Principles are important to the continued and successful design process and improve the overall experience of the user (Design Principles FTW, 2020). The following are universal principles that reflect best practices for learning, technology, and design. The following eight design principles are most pertinent to design for public, distributed learning school. The alliteration of the eight simple words also intentional to improve retention and recall.
1) Sound: Sound design is “free from flaw, defect, or decay” (Merriam-Webster, n.d.). While it is impractical to believe that a design can be perfect, the aim for perfection is valuable. This aim is best met when the design meets the intended purpose in an authentic way. In this sense, it follows the same principle to promote instruction (Merill, 2002).
2) Safe: Safe design means users do not need to worry about making the technology inoperable (Badashov, 2017). The design can also be safe in that it does not isolate or offend users. Safety is a particularly important measure in K to 12 education where users are minors and more vulnerable. Safety is also relevant to cognitive theories that state that activation of the flight or flight response decreases our mental capacity.
3) Simple: Bandashov also recognizes the important of simplicity in design. His example from the UK government states how “[t]he people who most need our services are often the people who find them hardest to use” (2017). If the design is not simple, users will quickly dismiss the design.
4) Smart: The main goal of instruction design is to improve “the efficiency and effectivess” of the learning process (Rothwell et al., 2015, p. 5). Therefore, a smart design is intuitive to improve its ease of use and avoid deterring a user’s progress or increase their frustration.
5) Supported: In instructional design, the design needs to be supported within the whole organization, by administrators and educators at a minimum. Technology also requires supports to maintain the system and proceed with subsequent versions, correct fixes, and support users. This could be in the form of a help desk or adequate training. This value of a community of learners and leaders within a network of learning is supported by the connectivist model (Dron, 2014).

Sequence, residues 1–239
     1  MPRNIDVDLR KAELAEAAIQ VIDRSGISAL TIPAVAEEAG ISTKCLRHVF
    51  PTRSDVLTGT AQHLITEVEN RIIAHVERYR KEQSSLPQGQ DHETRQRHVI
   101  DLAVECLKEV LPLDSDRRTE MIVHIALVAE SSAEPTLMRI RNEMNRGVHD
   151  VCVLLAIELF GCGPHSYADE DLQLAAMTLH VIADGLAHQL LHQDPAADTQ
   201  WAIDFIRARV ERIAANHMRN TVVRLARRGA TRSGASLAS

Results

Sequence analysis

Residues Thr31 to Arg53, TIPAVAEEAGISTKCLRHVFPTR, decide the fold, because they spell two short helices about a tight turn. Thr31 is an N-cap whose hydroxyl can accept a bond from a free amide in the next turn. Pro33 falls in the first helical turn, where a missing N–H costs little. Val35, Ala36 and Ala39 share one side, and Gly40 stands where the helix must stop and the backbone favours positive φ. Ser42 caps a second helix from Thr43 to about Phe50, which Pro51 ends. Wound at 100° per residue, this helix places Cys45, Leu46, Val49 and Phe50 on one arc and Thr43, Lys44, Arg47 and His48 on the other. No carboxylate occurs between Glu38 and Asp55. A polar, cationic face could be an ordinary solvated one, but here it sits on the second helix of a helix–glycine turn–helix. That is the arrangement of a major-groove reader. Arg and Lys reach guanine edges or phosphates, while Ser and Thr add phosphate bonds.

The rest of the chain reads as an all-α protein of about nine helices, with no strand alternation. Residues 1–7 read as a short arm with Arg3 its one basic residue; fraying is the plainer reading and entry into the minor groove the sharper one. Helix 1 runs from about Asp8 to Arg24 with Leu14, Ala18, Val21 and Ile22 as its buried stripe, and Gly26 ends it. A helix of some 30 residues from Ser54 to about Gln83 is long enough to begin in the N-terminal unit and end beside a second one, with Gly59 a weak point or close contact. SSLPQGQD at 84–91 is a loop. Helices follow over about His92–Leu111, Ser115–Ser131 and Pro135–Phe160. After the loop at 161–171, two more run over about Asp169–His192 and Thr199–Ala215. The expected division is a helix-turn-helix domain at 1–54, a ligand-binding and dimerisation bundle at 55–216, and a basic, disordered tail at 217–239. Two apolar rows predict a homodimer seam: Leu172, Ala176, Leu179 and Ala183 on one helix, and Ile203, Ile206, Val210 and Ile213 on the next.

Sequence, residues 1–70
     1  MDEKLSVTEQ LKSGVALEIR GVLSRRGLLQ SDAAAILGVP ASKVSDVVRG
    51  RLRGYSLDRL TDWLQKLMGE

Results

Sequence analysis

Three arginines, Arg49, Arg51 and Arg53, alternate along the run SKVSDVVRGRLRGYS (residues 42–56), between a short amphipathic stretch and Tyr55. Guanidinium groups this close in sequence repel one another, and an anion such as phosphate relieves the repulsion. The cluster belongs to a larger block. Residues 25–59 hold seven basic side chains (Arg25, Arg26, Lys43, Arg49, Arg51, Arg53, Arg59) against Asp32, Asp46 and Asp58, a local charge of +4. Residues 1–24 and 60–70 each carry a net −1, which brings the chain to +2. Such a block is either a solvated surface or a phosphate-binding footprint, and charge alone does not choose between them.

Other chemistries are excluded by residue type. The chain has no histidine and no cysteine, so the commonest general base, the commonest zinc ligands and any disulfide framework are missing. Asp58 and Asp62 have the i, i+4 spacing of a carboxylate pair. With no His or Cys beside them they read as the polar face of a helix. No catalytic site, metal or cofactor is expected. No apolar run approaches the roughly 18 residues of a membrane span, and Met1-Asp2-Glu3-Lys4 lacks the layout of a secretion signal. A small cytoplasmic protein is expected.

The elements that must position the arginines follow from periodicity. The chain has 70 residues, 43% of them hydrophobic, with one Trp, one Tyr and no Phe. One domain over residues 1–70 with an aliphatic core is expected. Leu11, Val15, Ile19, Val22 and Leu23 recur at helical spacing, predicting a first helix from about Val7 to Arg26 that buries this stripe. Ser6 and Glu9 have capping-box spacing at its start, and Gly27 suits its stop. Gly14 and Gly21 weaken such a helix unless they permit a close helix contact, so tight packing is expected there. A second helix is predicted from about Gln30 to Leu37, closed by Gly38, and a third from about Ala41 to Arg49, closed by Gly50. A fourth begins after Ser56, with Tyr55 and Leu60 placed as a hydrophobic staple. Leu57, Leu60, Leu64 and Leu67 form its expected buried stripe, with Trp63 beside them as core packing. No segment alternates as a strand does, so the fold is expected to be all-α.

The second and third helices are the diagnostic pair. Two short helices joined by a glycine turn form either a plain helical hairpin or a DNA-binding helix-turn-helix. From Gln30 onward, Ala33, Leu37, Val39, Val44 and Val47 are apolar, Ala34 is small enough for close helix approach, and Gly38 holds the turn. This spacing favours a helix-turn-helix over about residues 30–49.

6) Soft: A soft design can adapt and react to user feedback or changing needs. Greater malleability offers greater options for innovation and change (Dron, 2014). A design that is adaptable will have more staying power. Similarly, technology is a fast-paced industry and adaptability is essential to staying relevant.
7) Space: White space, the unused portion of a document (Merriam-Webster), is necessary in visual design as it allows for rest and processing time. This is equally important in instructional design. Processing time for the user improves cognition and retrieval. A busy design is distracting to the user and can also reduce our other design principles such as “Simple” or “Sound”.
8) Shared: Shared design is accessible for all users. This includes those with learning or financial challenges. Just as technical designs should meet the current W3C world accessibility protocols, instructional designs must meet varying learner needs. A design can also be shared among relevant groups through open licensing to spur considerate debate (Baker III, 2020) and continued growth and problem solving. By participating in open sourced/common resources design can also practice and model the value of open (Morgan, 2019).
Badashov, A. (2017, February 8). Design Principles Behind Great Products. https://medium.muz.li/design-principles-behind-great-products-6ef13cd74ccf
Baker III, F. W., & Moukhliss, S. (2020). Concretising design thinking: A content analysis of systematic and extended literature reviews on design thinking and human‐centered design. Review of Education, 8(1), 305-333.
Cambron, T., (2016, May 24) Designing better experiences for people facing anxiety. Model View Culture (37). https://modelviewculture.com/pieces/designing-better-experiences-for-people-facing-anxiety.
Design Principles FTW. (2020). What are Design Principles Anyway? https://www.designprinciplesftw.com/what-are-design-principles
Dron, J. (2014). Chapter 9: Innovation and change: changing how we change. In Zawacki-Richter, O. & T. Anderson (Eds.), Online distance education: Towards a research agenda. (pp. 237-265). Athabasca, AB: AU Press.
Merriam-Webster (n.d). Merriam-Webster Dictionary. https://www.merriam-webster.com
Merrill, M. D. (2002). First principles of instruction. Educational Technology Research and Development, 50(3), 43-59.
Morgan, T. (2019). Instructional designers and open education practices: Negotiating the gap between intentional and operational agency. Open Praxis, 11(4), 369-380.
Rothwell, W. J., Benscoter, B., King, M., & King, S. B. (2015). Chapter one – An overview of Instructional Design. In Mastering the Instructional Design Process: A Systematic Approach. (pp. 1-16). Hoboken, New Jersey: John Wiley & Sons, Inc.
W3C. Accessibility Principles. https://docs.google.com/document/d/1aVlQupEr92bP_mYc9Oy1q1TYGWlsaG76NrXhXBS-5gI/edit#
**Edited, January 18th to add LRNT 524 category.